Pub Date: June 10, 2014

ISBN: 978-1606594049

Page Count: 264

Publisher: Mundania Press LLC

Review Posted Online: July 30, 2014

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The best-selling author of tearjerkers like Angel Falls (2000) serves up yet another mountain of mush, topped off with...

SUMMER ISLAND

Talk-show queen takes tumble as millions jeer.

Nora Bridges is a wildly popular radio spokesperson for family-first virtues, but her loyal listeners don't know that she walked out on her husband and teenaged daughters years ago and didn't look back. Now that a former lover has sold racy pix of naked Nora and horny himself to a national tabloid, her estranged daughter Ruby, an unsuccessful stand-up comic in Los Angeles, has been approached to pen a tell-all. Greedy for the fat fee she's been promised, Ruby agrees and heads for the San Juan Islands, eager to get reacquainted with the mom she plans to betray. Once in the family homestead, nasty Ruby alternately sulks and glares at her mother, who is temporarily wheelchair-bound as a result of a post-scandal car crash. Uncaring, Ruby begins writing her side of the story when she's not strolling on the beach with former sweetheart Dean Sloan, the son of wealthy socialites who basically ignored him and his gay brother Eric. Eric, now dying of cancer and also in a wheelchair, has returned to the island. This dismal threesome catch up on old times, recalling their childhood idylls on the island. After Ruby's perfect big sister Caroline shows up, there's another round of heartfelt talk. Nora gradually reveals the truth about her unloving husband and her late father's alcoholism, which led her to seek the approval of others at the cost of her own peace of mind. And so on. Ruby is aghast to discover that she doesn't know everything after all, but Dean offers her subdued comfort. Happy endings await almost everyone—except for readers of this nobly preachy snifflefest.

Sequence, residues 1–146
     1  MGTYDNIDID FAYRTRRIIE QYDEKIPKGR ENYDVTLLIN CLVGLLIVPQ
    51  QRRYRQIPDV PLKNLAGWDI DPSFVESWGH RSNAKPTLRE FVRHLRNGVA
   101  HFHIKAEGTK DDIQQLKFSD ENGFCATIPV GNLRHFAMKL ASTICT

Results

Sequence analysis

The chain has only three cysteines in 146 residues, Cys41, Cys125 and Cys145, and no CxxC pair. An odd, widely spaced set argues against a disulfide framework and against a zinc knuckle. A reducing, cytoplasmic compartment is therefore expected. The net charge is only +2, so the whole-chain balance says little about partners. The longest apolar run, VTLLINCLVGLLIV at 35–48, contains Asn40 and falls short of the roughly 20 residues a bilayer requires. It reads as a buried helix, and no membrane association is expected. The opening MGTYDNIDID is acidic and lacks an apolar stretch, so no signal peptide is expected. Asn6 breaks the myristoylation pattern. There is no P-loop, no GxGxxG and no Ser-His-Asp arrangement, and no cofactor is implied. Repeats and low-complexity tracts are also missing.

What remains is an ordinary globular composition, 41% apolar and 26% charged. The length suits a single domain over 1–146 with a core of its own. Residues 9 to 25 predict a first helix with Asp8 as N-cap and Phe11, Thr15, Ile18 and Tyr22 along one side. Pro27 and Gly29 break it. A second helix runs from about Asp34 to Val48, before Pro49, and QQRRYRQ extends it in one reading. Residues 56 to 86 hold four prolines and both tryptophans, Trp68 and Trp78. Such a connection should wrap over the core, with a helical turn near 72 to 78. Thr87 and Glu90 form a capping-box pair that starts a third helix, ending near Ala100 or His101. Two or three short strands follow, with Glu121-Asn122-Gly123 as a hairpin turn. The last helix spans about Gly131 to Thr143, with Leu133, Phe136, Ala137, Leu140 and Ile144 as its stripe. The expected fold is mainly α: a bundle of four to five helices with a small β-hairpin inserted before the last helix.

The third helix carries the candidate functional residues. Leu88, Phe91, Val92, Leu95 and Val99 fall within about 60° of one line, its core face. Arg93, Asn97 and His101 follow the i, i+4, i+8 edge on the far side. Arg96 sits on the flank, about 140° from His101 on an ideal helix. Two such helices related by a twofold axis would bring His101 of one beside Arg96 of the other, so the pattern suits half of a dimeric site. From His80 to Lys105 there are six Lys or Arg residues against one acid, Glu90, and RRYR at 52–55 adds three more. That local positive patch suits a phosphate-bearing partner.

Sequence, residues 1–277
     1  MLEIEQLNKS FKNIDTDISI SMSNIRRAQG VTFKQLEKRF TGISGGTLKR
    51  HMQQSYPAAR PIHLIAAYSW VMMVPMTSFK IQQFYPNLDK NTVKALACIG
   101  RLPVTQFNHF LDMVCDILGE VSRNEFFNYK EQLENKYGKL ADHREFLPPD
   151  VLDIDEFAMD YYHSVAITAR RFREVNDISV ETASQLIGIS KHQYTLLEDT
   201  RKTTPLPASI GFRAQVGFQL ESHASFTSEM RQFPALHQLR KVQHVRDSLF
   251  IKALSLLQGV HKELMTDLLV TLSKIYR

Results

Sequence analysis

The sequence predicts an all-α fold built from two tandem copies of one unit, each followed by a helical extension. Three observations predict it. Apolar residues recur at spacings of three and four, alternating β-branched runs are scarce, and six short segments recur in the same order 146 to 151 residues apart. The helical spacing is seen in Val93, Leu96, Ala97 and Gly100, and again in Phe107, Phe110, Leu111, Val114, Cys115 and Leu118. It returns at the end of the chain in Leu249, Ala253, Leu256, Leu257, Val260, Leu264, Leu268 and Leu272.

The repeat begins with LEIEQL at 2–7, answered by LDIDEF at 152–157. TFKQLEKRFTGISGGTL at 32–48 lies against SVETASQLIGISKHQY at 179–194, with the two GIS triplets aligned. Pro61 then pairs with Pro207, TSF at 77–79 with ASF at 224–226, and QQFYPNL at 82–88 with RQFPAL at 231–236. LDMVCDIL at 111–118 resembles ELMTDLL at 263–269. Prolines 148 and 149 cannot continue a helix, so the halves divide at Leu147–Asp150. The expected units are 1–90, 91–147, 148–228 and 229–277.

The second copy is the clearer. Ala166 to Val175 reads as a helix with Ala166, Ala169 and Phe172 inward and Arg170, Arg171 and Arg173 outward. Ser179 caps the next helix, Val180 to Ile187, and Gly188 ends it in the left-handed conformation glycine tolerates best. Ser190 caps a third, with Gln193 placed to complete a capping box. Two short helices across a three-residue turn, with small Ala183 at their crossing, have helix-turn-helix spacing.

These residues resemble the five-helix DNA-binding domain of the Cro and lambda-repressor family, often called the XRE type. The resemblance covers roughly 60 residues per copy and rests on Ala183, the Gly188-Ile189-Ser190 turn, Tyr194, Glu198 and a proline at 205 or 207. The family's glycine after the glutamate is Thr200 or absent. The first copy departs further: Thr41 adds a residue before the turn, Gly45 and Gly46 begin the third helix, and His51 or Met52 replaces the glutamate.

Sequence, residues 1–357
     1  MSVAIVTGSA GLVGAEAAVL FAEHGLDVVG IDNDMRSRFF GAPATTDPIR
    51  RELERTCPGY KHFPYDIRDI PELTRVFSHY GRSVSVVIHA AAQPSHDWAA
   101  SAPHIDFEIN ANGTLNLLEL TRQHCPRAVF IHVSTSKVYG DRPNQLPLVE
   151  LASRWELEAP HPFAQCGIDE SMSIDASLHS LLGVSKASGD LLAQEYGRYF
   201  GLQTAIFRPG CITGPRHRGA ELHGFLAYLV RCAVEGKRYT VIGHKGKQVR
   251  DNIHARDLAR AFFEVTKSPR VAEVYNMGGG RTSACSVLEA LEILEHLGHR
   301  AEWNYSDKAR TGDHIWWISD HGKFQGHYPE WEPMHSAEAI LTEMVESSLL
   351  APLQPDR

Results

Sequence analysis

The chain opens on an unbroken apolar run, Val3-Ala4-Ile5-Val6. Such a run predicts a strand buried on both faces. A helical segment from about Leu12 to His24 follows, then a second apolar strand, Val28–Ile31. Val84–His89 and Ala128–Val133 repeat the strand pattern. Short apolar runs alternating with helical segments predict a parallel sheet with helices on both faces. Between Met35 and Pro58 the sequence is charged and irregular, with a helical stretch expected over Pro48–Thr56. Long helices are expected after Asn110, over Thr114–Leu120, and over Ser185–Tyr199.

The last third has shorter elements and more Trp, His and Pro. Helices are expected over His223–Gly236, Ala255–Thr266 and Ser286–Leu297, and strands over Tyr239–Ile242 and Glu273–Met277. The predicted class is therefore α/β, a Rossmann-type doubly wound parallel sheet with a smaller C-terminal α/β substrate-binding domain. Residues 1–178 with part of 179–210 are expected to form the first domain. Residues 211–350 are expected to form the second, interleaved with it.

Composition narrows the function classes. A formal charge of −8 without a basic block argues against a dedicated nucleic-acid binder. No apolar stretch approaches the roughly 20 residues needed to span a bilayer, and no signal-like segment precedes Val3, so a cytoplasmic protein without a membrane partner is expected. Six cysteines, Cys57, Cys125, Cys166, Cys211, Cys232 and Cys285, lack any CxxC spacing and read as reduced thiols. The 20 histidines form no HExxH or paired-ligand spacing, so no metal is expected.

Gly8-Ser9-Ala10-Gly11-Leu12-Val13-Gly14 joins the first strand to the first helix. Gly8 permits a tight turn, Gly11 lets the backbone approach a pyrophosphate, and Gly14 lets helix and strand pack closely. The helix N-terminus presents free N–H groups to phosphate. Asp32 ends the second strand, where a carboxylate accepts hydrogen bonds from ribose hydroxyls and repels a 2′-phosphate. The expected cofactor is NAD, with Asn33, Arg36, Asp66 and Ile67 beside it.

The best-selling author of tearjerkers like Angel Falls (2000) serves up yet another mountain of mush, topped off with syrupy platitudes about life and love.

Pub Date: March 1, 2001

ISBN: 0-609-60737-5

Page Count: 336

Publisher: Crown

Review Posted Online: May 20, 2010

Kirkus Reviews Issue: Jan. 15, 2001